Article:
Maybe the Web should be reinvented, slightly at least. Maybe it would be a good thing if Web Assembly in conjunction with HTTP3 or something akin to it ate the whole beast, ecmascript and all.

                                                                                                                                                            • jorgebucaran 10 days ago

                                                                                                                                                              Just saying "purely functional SPAs" was lazy, but it's usually enough to convey what makes Hyperapp different from other frameworks like React, etc. Let me try harder.

                                                                                                                                                              There's no native API for representing apps as finite-state-machines (Moore style) [1]. Admittedly, we could do a better job at explaining why you should care.

                                                                                                                                                              Hyperapp actions (Elm messages) correspond directly to FSM "events". Hyperapp effects (Elm commands) correspond directly to FSM "actions". The "single-global-state" corresponds to the fact that an FSM is always in just one of a number of "states".

                                                                                                                                                              Hyperapp is FSM architecture for JavaScript apps.

                                                                                                                                                              It is also bundled with a VDOM implementation optimized for immutability, e.g., you must derive your UI from the state, can't produce uncontrolled side effects, and can't use traditional DOM events, instead you think of every UI interaction as a state transition.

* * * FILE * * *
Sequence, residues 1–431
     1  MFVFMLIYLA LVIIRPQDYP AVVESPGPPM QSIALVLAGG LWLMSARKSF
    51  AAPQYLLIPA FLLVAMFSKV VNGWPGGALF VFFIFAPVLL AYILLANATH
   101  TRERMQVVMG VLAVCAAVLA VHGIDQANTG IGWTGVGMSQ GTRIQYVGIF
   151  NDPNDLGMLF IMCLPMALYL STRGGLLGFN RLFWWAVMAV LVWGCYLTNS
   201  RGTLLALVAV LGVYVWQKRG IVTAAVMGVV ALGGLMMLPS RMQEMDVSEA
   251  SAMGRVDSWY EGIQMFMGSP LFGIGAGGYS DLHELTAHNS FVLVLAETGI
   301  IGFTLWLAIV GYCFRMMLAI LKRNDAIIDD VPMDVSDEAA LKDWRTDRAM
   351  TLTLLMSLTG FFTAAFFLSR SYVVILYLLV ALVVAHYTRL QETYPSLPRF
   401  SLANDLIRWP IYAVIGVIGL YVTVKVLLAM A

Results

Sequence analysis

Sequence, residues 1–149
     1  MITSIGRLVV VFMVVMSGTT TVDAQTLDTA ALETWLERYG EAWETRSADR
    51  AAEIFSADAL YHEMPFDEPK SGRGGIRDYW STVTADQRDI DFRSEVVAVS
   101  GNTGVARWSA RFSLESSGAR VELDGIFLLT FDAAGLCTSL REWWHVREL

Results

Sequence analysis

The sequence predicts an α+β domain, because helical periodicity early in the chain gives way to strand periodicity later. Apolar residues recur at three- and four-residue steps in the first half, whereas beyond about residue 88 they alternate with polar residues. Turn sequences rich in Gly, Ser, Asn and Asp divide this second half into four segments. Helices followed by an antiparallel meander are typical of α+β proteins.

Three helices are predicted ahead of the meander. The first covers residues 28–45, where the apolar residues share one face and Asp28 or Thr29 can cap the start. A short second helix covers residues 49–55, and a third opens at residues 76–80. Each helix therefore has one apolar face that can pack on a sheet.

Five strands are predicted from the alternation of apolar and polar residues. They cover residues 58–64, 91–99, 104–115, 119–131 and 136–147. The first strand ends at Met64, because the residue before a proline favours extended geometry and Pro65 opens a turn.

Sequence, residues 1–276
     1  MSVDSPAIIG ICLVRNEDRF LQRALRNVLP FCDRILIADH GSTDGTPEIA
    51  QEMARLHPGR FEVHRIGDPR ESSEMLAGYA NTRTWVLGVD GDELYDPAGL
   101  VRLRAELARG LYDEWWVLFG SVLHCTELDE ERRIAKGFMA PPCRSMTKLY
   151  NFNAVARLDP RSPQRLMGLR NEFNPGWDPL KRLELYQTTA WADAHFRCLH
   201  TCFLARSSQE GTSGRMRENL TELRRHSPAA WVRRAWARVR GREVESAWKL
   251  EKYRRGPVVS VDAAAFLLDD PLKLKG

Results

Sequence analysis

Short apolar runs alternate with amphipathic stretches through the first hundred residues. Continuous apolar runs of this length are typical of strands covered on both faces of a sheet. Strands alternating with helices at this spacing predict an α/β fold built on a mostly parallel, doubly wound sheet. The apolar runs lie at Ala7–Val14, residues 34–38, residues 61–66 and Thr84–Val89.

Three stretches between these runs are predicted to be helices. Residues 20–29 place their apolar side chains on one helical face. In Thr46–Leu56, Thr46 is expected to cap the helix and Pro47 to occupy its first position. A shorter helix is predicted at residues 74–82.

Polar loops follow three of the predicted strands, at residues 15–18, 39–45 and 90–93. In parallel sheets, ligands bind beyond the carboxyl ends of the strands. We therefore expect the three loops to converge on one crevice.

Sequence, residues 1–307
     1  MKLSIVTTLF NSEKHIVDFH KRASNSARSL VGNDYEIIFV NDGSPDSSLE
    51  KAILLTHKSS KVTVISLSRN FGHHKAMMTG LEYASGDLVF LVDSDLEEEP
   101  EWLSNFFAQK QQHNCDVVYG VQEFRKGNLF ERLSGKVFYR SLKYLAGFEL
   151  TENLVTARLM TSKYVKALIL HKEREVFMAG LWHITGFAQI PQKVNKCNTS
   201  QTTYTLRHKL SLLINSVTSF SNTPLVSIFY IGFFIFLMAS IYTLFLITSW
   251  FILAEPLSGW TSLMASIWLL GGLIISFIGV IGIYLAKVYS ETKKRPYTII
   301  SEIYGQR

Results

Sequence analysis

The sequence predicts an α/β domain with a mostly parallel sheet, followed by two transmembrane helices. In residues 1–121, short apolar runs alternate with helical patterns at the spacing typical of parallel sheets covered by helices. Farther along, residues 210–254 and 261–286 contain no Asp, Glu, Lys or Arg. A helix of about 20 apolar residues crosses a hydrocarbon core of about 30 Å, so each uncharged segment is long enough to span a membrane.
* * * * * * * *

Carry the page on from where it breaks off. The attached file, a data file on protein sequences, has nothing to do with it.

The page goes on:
One more cool thing about Hyperapp is subscriptions. An abstraction to toggeable event streams: think bidirectional effects, e.g., global mouse/keyboard events, time, animation frames, geolocation.

                                                                                                                                                              [1]: https://en.wikipedia.org/wiki/Moore_machine

                                                                                                                                                              • RyanGoosling 10 days ago

                                                                                                                                                                > can't use traditional DOM events

                                                                                                                                                                Wtf are you doing man?

                                                                                                                                                                • jorgebucaran 10 days ago

                                                                                                                                                                  Can't use DOM events to create side effects. What we do is define UI interactions as state transitions. Transitions allow you to say [nextState, myEffect] to update the state and create a "controlled" effect (just an object representation of a side effect, very much like how VDOM uses objects to represent DOM nodes). Effects in Hyperapp are the same as Elm commands.

                                                                                                                                                        • jorgebucaran 10 days ago

                                                                                                                                                          I hope not! :)

                                                                                                                                                        • jhardy54 11 days ago